TORONTO - The nights are the worst. The darkness. The silence. The ghostly images of the dead and dying that refuse to be laid to rest.
More than two decades after former lieutenant-general Romeo Dallaire returned to Canada from Rwanda, where he and the small peacekeeping contingent he commanded were forced to stand by as helpless witnesses to a genocide that ended with the slaughter of hundreds of thousands, he is still struggling to overcome the demon that is post-traumatic stress disorder.
In his new book, "Waiting for First Light," Dallaire describes what it means to live with PTSD, a psychological injury as old as war itself, but one only recently recognized as an all-too-common hazard for soldiers, first responders and victims of physical or sexual abuse.
It is a wound the retired senator wants Canadians to more fully understand through his memoir, which he also hopes will offer solace and support to others wrestling with the condition.
PTSD occurs as a result of experiencing intense trauma that overwhelms the psyche. The condition is marked by recurrent memories of the event, flashbacks, nightmares and severe emotional distress or physical reactions to triggers that remind the person of the trauma. Those affected can feel hopelessness and despair, exhibit turbulent mood swings, and engage in self-destructive behaviours like drinking to excess or driving too fast.
"You live with a constant sense of vulnerability because you never know when a conversation, a smell, a noise, a bad day, how it can generate a mood that will be quite depressive, and as such will lead you into some reliving (of the trauma)," Dallaire, 70, said in an interview during a recent trip to Toronto.
"And you can be just as affected now as you were after the event."
That vulnerability is especially acute at night, he explained, when his mind is tortured by vivid memories of rape, mutilation and murder that come unbidden in the darkness; when nightmares of the atrocities of the 1994 genocide and his inability under his UN mandate to stop the bloodbath make falling asleep a thing to fear.
"That's why many of us sleep with the light on and the TV blaring, if we can ever get to sleep," he said of his fellow PTSD sufferers. "That's why so many suicides are done at night."
In the book, Dallaire describes how with the coming of morning's light, he is once again able to face the day, fending off the black dogs of depression and despair by submerging himself in work.
He also concedes how hard his PTSD has been on his wife and three children, who have had to contend with a very different husband and father from the take-charge career soldier who left in 1993 for the mission in Rwanda.
"You're not predictable, you're up and down, so they don't know from one minute to the other whether you're going to be mad or you're going to laugh," he said.
Compounding the situation was the fact that Dallaire was posted to Ottawa on his return from the African country — first with the military until his condition forced him to take a medical discharge, then as a member of the Senate — while his family remained in Quebec City. On weekends, he commuted back and forth.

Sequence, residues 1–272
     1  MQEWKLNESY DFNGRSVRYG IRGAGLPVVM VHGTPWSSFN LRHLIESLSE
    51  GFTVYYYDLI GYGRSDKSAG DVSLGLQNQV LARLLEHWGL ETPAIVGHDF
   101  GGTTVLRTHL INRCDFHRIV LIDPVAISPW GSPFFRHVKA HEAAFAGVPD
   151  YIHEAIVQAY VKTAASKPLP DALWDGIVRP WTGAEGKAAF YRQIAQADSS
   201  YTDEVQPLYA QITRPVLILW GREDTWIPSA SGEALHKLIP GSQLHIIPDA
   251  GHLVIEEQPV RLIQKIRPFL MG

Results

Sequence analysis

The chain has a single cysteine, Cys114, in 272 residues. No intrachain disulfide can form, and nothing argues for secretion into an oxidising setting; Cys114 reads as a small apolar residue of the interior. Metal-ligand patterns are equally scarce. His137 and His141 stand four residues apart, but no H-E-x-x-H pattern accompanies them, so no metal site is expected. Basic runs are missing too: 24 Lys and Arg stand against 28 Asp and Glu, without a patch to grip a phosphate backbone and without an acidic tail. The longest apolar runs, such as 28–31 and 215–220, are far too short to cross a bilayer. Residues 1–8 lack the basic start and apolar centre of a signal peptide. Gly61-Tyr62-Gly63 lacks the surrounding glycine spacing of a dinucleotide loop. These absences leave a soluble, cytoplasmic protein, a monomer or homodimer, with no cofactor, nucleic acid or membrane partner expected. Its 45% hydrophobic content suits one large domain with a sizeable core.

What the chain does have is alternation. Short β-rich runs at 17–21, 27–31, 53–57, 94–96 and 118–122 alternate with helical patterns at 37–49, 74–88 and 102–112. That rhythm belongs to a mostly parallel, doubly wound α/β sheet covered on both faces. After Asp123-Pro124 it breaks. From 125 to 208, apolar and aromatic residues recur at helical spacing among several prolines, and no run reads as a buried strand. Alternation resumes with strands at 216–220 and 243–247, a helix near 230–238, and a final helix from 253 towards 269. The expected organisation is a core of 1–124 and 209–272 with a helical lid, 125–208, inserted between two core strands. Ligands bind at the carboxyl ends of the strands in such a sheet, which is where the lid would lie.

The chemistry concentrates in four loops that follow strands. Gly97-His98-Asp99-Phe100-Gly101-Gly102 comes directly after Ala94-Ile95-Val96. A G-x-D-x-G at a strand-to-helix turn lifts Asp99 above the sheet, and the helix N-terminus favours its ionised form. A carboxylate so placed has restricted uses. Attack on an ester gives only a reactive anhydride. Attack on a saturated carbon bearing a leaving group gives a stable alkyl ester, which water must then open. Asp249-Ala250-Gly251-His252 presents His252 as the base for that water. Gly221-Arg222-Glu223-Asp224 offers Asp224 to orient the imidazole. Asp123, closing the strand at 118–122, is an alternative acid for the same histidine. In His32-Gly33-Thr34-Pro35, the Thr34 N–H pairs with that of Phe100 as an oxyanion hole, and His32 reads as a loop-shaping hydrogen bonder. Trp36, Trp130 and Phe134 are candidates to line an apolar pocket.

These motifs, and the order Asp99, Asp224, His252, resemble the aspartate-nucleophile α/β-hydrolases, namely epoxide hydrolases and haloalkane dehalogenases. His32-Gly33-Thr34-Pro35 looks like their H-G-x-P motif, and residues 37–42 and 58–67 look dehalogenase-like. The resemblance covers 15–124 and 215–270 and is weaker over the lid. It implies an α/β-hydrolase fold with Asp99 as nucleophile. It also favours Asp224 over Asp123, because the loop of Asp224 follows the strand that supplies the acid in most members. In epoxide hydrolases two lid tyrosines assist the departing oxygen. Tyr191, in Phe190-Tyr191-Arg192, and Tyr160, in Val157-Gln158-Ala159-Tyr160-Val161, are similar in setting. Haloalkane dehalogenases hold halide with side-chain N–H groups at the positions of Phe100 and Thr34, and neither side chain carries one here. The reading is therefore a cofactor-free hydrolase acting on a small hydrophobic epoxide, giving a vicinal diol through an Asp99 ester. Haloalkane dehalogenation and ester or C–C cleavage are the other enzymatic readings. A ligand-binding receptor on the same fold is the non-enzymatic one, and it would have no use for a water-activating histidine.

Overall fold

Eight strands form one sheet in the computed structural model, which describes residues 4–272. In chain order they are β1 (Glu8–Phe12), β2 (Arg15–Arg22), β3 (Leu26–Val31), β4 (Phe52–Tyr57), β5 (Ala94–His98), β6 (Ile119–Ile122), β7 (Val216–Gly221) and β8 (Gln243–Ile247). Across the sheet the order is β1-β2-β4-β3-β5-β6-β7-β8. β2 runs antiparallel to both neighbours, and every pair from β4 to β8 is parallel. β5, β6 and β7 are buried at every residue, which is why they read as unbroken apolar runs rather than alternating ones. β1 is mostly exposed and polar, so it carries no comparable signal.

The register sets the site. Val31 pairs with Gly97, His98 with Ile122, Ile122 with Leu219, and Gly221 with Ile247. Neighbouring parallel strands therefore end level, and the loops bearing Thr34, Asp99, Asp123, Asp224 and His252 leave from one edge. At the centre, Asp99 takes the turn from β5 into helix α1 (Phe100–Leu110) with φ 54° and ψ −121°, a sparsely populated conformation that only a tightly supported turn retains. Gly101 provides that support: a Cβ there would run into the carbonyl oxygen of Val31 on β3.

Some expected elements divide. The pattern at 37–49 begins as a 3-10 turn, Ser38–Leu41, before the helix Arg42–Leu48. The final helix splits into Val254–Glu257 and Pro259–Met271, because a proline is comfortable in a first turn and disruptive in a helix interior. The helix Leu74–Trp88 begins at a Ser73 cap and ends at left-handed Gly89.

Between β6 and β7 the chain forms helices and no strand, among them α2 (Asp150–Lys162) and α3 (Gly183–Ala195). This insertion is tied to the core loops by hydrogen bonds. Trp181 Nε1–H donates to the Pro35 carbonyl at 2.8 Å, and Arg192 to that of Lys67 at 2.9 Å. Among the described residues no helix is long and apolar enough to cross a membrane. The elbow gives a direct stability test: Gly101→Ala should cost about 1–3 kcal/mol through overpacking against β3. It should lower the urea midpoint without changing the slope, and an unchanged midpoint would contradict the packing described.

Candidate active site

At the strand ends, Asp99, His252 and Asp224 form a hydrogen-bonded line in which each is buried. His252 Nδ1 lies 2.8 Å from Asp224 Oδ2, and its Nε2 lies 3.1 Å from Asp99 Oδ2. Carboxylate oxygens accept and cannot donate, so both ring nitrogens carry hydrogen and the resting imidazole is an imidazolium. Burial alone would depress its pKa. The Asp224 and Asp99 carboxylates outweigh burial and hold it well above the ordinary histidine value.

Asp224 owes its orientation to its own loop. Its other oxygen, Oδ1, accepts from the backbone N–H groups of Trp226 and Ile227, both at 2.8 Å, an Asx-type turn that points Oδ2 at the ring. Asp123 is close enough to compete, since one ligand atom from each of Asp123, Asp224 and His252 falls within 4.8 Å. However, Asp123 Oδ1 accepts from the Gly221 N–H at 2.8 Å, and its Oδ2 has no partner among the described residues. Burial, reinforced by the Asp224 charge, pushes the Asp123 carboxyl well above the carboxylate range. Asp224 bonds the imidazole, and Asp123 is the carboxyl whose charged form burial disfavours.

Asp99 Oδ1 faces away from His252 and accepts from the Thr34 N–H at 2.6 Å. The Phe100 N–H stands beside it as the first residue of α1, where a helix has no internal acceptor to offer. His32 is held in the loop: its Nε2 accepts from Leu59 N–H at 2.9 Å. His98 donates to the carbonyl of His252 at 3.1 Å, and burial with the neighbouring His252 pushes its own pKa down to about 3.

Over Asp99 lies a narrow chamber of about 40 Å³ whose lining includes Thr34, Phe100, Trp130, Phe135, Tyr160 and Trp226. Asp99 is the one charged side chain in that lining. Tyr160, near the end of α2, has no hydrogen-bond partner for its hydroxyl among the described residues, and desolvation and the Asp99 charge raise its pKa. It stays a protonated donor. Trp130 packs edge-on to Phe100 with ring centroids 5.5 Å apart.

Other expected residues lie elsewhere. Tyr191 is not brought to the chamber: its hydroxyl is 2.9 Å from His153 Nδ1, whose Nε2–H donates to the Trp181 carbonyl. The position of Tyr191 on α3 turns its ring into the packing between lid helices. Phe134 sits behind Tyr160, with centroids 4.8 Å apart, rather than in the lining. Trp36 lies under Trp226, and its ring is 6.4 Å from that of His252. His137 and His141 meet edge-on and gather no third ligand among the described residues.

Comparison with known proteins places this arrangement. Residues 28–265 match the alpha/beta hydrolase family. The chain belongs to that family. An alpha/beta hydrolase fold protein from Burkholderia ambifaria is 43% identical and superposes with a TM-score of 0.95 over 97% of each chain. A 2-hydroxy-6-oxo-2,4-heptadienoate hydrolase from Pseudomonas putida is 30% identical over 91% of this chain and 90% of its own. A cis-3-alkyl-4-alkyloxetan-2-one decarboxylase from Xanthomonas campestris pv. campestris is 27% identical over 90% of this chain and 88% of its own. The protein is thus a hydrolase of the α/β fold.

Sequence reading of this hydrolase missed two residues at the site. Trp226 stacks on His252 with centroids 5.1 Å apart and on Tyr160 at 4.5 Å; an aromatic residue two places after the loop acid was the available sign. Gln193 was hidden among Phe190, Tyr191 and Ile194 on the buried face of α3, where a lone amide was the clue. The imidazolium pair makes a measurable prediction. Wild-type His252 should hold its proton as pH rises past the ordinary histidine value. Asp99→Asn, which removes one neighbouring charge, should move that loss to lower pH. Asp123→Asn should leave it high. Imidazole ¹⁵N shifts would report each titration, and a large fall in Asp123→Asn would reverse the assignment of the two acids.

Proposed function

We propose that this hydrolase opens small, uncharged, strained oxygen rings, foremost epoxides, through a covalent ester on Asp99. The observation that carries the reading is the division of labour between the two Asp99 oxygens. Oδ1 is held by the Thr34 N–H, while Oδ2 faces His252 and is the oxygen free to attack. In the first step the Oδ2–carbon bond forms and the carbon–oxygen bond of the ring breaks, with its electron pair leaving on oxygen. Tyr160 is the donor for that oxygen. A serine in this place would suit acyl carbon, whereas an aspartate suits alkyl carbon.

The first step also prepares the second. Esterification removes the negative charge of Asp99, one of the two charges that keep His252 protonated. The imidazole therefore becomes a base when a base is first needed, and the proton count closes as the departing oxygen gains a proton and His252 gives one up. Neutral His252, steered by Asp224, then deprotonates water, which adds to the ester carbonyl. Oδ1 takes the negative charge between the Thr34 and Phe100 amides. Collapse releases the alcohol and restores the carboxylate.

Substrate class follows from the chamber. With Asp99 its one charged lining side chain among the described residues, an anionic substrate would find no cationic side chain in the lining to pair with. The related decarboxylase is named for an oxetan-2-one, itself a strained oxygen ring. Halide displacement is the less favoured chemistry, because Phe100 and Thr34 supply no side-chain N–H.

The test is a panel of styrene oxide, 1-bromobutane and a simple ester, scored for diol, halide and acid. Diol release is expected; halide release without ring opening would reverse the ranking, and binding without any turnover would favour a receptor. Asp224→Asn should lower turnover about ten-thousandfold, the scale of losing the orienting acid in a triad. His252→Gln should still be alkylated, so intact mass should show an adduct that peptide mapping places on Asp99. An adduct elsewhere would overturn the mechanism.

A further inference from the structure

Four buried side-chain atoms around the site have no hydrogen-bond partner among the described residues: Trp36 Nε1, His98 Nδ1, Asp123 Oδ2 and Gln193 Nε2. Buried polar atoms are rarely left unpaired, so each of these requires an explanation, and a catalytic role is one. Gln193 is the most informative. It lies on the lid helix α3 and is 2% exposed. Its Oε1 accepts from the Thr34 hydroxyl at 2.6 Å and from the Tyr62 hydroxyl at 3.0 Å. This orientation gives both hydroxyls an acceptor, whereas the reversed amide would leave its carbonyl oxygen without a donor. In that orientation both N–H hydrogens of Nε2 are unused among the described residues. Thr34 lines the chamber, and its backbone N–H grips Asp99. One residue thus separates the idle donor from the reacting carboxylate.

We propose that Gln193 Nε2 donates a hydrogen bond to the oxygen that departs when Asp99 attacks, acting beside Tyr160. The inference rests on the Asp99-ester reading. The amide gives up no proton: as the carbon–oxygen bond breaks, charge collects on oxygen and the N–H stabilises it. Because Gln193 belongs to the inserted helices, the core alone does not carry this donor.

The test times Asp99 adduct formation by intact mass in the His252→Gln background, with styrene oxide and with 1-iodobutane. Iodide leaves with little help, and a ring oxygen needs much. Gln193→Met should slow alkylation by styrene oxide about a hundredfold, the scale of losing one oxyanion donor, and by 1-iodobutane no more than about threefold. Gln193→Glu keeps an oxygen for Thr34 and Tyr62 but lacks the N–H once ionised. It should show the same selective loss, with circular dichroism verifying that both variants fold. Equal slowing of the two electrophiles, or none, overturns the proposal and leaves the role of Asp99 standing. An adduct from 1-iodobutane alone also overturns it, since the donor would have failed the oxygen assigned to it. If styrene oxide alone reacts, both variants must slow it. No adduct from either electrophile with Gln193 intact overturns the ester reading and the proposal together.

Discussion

The distance allowed him to protect his family from witnessing his relentless battle with PTSD, but it also exacerbated his sense of isolation.
Yet at the same time, Dallaire craved that isolation, an escape from the questions from well-meaning family members and friends that would inevitably reignite his symptoms.
"You do everything to avoid people. You try to hide it. And the best way to hide it is to hide," he said.
"I'm not sure whether or not that was the right decision for me. My youngest son has subsequently come to me and said maybe it would have been better if we had been all together."
Families, he said, are the too-often unacknowledged and poorly supported secondary casualties of PTSD when soldiers return home after combat missions in such postings as Afghanistan.
"We've lost a lot of people because the families haven't been able to cope, because they've split up and the guys have got into breakdowns and drinking, and they've committed suicide," said Dallaire, recalling his despair on learning in late 2013 that four Afghanistan veterans had taken their own lives in less than a week.
"The scale of pain that they live is astronomical."
Yet the ranks of the "walking wounded" are not restricted to the military, he said.
"There are the police, firemen, first responders, all types of people who ... have been traumatized and live with this mental injury. They also have families that are living with those conditions."
For Dallaire, it is not just what he witnessed, but the sense of guilt he continues to shoulder — another potential symptom of PTSD — that as commander of the peacekeeping force he was unable to stop the Rwandan genocide because of the lack of international support; that ethnic cleansing resulted in the massacre of an estimated 850,000 men, women and children, most of them Tutsis at the hands of machete-wielding, gun-toting Hutus, many of them child soldiers.
"I'm sensing that I'm mastering more and more the guilt of what happened, that the ability to find a focus has been able to move me from simply trying to exist to actually live."
At the heart of that recommitment to life is his passionate advocacy for human rights and the plight of child soldiers, embodied by the Romeo Dallaire Child Soldiers Initiative, an organization he founded to end the use of youth combatants worldwide.
"It takes a long time to just want to live, to look beyond the next day, more importantly beyond the next night. The child soldiers cause has been a significant factor in pulling me forward and giving me a sense of purpose."
"Waiting for First Light: My Ongoing Battle with PTSD" is published by Random House Canada.